Unless you have been in unbelievably complete isolation for the past few years, you are aware of the dramatic growth of the Facebook phenomenon, the exponential expansion of the reach of this and other social media into society. You have likely seen many of the statistics documenting social media development. Our favorite of those statistics is the assertion that, based on the enormous number of Facebook users, if Facebook were a country, its population would make it one of the most populous in the world!
Although social media are booming among personal users, they are extremely widely used for business purposes, as well. Many information technology industry observers, Gartner Research for one, contend that social media may grow to rival electronic mail as the communications system of choice for a notable number of businesses within the next few years
The dramatic expansion of business use of social media has important implications for corporate counsel in a range of contexts, including litigation. Social media in all forms, including popular Web-based communities such as Facebook and LinkedIn, as well as blogs, instant messaging networks, and user-generated content systems (e.g., YouTube), all generate and process electronically-stored information (ESI). In cases such as, Equal Employment Opportunity Commission v. Simply Storage Management LLC (S.D. Ind. May 11, 2010), courts have recognized that social media content is subject to the standard rules of discovery governing ESI. Accordingly, all corporate policies, practices, and procedures addressing ESI must take into account social media operations and content.
Corporate document management and retention policies and procedures must effectively address social media. In the context of discovery associated with litigation, the basic concerns of document preservation, collection, review, and production must be effectively managed for social media content, as well.
Often, effective processing of social media materials is made more complex by the fact that the materials are stored in facilities owned or controlled by other parties, such as Facebook. Recognizing the need to make complete records of social media content accessible in situations such as discovery associated with litigation, the leading social media site operators have generally implemented systems that facilitate access to the content of specific accounts. For example, LinkedIn provides online consent forms through which its users can authorize third party access to their accounts. Facebook provides an application through which its users can download all materials that have been posted on their Facebook accounts. Corporate counsel should become familiar with the methods available to review and access all social media content created by its employees and agents, regardless of whether that content is processed and stored through systems controlled by that corporate organization or by third parties.
When litigation is pending, corporate counsel must make sure that all relevant social media content generated by employees and other agents is identified, collected, preserved, reviewed, and produced. Open online searches should be conducted along with searches directed toward the specific social media communities and systems used by the parties involved, including relevant employees. When relevant material is identified, it should be preserved in electronic form, with appropriate documentation of date and source. In addition to identifying and reviewing documentation associated with its social media content, organizations involved in litigation should also research social media content generated by other parties to the litigation, and by possible litigation witnesses.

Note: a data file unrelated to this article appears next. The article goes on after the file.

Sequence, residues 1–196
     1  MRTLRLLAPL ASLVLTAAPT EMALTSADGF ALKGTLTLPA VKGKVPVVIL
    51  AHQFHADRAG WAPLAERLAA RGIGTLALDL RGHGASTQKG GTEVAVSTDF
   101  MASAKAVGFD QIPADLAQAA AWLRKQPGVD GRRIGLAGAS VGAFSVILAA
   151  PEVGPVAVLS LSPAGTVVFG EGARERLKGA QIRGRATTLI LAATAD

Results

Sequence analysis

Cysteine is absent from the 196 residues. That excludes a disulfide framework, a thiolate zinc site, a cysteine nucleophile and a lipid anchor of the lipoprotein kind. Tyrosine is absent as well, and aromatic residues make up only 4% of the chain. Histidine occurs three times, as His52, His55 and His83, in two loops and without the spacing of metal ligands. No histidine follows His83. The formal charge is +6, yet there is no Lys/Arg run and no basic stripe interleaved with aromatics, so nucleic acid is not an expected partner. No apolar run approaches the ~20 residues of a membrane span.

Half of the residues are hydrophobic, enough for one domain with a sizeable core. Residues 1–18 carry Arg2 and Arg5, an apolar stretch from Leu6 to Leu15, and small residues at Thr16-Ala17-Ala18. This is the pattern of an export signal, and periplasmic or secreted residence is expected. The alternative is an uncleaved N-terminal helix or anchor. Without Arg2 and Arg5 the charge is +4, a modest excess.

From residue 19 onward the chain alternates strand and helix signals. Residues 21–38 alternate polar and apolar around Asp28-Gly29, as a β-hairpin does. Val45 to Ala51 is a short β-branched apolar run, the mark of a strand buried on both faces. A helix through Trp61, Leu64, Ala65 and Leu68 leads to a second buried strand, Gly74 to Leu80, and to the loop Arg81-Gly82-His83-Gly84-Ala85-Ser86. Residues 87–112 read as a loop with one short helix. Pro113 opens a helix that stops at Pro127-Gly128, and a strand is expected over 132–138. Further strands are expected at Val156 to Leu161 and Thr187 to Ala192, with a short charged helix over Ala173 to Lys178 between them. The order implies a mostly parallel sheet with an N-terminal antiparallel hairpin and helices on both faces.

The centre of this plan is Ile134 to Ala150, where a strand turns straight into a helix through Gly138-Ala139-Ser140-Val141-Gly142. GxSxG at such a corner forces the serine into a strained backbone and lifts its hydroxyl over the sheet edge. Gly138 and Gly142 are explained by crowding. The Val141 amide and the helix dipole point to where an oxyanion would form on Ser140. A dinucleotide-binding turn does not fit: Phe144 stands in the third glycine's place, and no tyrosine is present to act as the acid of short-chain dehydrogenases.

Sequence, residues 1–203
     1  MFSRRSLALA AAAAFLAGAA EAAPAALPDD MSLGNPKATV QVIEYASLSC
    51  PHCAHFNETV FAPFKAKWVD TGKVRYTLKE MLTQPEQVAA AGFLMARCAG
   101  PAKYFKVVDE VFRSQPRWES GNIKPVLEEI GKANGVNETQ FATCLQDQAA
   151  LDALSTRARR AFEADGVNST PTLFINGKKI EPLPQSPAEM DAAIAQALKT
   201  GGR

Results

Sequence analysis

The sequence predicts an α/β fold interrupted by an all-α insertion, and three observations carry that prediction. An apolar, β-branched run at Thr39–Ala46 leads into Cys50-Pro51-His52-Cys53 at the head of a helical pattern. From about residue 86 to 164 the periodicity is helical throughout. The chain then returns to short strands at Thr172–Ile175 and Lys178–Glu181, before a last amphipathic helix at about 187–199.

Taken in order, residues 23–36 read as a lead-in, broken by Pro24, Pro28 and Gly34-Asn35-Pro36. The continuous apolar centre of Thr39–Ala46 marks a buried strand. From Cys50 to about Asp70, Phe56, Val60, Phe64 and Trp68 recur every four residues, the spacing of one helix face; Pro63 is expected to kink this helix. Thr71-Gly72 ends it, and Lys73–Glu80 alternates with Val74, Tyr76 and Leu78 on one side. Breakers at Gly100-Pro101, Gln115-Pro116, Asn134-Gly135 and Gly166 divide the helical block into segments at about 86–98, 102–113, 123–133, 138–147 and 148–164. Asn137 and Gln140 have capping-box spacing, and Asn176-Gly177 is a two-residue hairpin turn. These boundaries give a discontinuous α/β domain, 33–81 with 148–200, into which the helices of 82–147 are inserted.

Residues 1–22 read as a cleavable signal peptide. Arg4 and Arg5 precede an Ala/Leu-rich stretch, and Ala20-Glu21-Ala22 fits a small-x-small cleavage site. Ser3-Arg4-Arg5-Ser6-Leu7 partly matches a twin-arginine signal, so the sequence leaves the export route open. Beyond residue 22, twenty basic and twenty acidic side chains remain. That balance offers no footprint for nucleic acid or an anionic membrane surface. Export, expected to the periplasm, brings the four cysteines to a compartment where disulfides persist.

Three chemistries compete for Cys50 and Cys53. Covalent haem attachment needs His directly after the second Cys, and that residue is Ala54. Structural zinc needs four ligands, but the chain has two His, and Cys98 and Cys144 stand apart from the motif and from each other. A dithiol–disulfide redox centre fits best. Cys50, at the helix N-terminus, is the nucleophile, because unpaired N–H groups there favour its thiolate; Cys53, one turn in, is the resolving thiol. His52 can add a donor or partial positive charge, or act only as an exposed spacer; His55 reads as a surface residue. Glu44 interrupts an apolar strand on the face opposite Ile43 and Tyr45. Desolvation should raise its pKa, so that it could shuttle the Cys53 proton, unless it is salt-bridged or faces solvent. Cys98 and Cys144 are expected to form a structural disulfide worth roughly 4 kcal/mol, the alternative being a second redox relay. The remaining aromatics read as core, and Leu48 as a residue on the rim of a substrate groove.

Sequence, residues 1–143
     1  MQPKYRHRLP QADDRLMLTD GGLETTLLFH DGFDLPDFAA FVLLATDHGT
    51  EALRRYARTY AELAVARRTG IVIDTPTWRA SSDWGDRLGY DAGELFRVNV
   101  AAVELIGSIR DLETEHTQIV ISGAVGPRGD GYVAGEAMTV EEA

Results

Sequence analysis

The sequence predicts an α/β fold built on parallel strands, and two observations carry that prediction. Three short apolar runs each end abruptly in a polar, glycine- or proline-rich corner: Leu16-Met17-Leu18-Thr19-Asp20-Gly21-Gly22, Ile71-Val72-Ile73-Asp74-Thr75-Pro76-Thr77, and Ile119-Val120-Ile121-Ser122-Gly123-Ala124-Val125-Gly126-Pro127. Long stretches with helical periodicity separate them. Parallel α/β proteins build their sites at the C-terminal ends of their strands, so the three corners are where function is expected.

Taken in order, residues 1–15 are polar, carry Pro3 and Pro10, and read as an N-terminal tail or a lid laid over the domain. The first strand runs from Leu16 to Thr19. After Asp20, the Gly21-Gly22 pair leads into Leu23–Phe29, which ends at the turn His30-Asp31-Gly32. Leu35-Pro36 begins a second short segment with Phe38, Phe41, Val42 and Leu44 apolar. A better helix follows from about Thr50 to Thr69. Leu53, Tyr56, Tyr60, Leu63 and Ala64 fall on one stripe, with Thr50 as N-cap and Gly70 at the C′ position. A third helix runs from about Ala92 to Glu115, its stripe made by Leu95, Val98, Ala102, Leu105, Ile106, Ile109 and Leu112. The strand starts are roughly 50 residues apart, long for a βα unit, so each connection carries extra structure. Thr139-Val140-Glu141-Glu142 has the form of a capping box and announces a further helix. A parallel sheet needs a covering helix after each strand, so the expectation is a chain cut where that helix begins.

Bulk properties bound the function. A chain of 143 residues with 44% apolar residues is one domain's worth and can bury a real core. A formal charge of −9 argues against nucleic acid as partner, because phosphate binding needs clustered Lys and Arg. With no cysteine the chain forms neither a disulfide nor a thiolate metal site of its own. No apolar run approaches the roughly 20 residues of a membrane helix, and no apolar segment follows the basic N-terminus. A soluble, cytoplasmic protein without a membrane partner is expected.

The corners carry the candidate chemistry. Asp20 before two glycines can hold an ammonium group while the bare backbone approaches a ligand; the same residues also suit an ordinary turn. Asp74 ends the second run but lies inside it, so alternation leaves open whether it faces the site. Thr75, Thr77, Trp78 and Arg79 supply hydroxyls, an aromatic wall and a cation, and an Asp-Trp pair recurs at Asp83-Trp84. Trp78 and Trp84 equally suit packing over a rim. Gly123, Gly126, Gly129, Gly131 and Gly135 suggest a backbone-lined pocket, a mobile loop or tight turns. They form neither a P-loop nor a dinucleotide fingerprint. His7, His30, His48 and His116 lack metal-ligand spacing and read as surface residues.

The most effective preparation for management of social media content during litigation is to implement overall records identification, retention policies and practices that enable the organization to inventory, access, and analyze all social media activity of its employees and other agents at all times. Today, the scope of social media activity for many businesses is significant and the rate of expansion of that activity is substantial. In this environment, waiting until litigation forces active social media content management is not a sound strategy. Instead, corporate counsel should act in advance of litigation to ensure that the policies and procedures of their organizations provide for the effective management of all ESI, including social media content, generated by their employees and other agents.
Craig Blakeley is an attorney with the law firm, Alliance Law Group. For more than 25 years, he has provided counsel on the legal, regulatory, and public policy issues affecting the creation, distribution, and use of telecommunications, computer, and digital media technologies and services. Mr. Blakeley has written and lectured extensively on information technology law topics around the world, with publications on issues in law and technology including Global Information Technology Law which discusses telecommunications, Internet, e-commerce and e-government, and intellectual property issues in 22 countries.
Jeffrey Matsuura is Of Counsel to Alliance Law Group. Mr. Matsuura previously served as Assistant Professor and Director of the Program in Law & Technology at the University of Dayton Law School in Dayton, Ohio. Mr. Matsuura has written and lectured extensively on information technology law topics around the world and is the author of numerous articles and books on issues related to law, policy, and technology including Global Information Technology Law. He previously served on the faculty of the University of Dayton School of Law, where he directed that institution's Program in Law and Technology, and as a research fellow at the University of Edinburgh and the Smithsonian Institution.